Some historians have claimed that Akhenaten was inspired by Jewish belief systems, "particularly the idea of Moses or Joseph."

This is a possibility, but one that is very unlikely. Redford points out however that Akhenaten "did not place much emphasis on faith, but Joseph and Moses of the Jewish faith did, and therefore the relationship is less likely to be direct." It seems in fact that the pharaoh's desire to worship one god had little do in fact with faith at all, and more to do with personal idealisms and philosophical perspectives. This point is still debated among historians today.

In her work Red Land, Black Land, Barbara Mertz argues that Akhenaten was not very aware of the "political climate and surroundings in which he lived," and therefore he would not have chosen a single god for political reasons, as some historians have argued. This sentiment is also pointed out by many other historians. At one point or another each of the authors has pointed out that Akhenaten virtually closed the temples of other gods, such as the temple of Amun. Amun was a very popular deity worshiped by a large cult following in Egypt at about the same time that Akhenaten took the throne.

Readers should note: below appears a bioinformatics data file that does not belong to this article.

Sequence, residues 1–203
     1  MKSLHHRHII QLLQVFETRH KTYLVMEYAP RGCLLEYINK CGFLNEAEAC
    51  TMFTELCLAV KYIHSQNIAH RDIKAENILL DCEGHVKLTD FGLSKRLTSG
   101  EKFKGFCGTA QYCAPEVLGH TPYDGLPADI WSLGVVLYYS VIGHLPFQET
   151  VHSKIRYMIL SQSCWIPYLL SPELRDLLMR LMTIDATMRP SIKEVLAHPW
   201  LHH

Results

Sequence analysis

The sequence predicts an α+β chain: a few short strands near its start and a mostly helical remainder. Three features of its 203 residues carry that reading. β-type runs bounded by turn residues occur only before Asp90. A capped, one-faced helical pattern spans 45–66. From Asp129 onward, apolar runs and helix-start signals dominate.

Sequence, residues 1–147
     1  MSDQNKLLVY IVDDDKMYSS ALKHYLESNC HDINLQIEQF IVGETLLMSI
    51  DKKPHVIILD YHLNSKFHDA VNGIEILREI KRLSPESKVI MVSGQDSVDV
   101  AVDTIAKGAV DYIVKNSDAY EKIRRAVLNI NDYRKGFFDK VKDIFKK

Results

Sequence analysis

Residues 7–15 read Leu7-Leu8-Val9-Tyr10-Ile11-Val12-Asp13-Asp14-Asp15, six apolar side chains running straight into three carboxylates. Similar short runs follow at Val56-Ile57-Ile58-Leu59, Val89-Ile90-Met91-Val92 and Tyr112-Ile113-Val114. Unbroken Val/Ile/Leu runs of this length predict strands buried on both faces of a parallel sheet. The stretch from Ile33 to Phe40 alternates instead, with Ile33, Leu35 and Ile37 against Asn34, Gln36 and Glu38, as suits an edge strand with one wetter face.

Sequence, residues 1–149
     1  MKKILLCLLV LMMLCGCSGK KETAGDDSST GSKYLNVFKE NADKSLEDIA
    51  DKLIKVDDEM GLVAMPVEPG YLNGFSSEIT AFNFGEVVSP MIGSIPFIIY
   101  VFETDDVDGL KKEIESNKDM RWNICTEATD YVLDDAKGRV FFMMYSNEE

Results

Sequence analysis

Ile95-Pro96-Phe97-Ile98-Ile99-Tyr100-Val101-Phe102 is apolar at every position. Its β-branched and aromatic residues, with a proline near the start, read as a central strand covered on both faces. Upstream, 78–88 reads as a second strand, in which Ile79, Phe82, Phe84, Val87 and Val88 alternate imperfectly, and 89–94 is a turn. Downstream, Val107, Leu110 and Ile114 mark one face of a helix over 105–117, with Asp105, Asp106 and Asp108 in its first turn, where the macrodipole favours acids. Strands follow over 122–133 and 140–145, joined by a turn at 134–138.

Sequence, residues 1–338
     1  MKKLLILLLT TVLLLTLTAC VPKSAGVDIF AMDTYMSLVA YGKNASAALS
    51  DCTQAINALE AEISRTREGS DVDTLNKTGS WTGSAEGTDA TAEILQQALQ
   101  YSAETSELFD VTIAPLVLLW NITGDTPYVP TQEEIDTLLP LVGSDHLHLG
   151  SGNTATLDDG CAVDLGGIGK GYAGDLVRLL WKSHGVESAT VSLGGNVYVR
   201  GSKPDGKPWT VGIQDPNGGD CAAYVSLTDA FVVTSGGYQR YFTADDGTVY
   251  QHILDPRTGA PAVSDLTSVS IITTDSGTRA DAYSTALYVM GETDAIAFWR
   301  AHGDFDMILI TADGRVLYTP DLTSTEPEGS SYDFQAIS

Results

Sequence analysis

Akhenaten did not just close the temples however, he also "confiscated the revenues associated with the temples, destroyed statues of the other god" and "desecrated the worship sites." These actions in and of themselves clearly demonstrate a leader not in tune with the political climate of the era.

Most of the historians and authors that wrote about the king have stated again and again that…[continue]

Cite This Term Paper:

"Akhenaten Was One Of The Great Pharaoh's" (2003, November 24) Retrieved December 5, 2016, from http://www.paperdue.com/essay/akhenaten-was-one-of-the-great-pharaoh-157305

"Akhenaten Was One Of The Great Pharaoh's" 24 November 2003. Web.5 December. 2016. <http://www.paperdue.com/essay/akhenaten-was-one-of-the-great-pharaoh-157305>

"Akhenaten Was One Of The Great Pharaoh's", 24 November 2003, Accessed.5 December. 2016, http://www.paperdue.com/essay/akhenaten-was-one-of-the-great-pharaoh-157305

Other Documents Pertaining To This Topic

  • Ankh Is One of the Most Familiar

    Ankh is one of the most familiar and one of the most mysterious Egyptian artifacts and hieroglyphs. The meaning of the ankh is associated in various ways with "life" and regeneration. There are numerous explanations of its meaning; for example, "The Egyptian ankh, 'oath,' means literally an 'utterance of life,' quite in the sense of the oath sworn by a genius." (Kristensen and Kraemer 428) In appearance the ankh resembles a

  • Egyptian Influence on Judaism and